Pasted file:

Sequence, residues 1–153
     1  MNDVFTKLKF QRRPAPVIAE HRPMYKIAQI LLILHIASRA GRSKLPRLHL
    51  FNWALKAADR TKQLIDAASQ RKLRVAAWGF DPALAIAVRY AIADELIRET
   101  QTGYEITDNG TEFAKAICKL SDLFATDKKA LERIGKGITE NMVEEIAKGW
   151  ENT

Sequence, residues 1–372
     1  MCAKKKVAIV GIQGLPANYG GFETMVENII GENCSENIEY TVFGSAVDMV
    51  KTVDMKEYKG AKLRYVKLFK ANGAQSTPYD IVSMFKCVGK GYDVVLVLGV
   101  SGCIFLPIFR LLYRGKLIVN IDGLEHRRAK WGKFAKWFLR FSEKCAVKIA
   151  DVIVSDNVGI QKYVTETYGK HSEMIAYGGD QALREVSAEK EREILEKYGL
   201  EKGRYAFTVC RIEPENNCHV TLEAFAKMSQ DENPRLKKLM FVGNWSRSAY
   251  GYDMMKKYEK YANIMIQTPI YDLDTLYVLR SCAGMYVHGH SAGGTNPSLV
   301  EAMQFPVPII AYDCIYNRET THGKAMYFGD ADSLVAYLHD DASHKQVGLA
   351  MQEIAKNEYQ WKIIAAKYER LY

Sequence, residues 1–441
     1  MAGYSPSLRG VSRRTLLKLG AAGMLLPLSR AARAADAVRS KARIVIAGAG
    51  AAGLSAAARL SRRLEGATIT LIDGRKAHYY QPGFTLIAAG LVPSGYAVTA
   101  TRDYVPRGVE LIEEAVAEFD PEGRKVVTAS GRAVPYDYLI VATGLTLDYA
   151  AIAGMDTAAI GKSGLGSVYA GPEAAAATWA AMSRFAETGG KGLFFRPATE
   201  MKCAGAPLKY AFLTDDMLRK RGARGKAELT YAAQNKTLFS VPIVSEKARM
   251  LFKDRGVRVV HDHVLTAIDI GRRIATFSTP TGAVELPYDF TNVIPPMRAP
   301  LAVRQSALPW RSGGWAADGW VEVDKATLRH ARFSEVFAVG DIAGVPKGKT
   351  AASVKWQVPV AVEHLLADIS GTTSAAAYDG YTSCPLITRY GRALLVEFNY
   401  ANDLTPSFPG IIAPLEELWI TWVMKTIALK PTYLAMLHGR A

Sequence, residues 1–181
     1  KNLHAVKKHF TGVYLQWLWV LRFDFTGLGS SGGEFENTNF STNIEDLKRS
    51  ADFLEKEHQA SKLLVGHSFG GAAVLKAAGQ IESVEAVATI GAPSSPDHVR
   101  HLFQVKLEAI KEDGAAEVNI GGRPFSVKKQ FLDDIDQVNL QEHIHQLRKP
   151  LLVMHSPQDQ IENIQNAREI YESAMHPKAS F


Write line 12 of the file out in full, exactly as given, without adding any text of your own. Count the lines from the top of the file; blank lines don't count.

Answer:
   251  GYDMMKKYEK YANIMIQTPI YDLDTLYVLR SCAGMYVHGH SAGGTNPSLV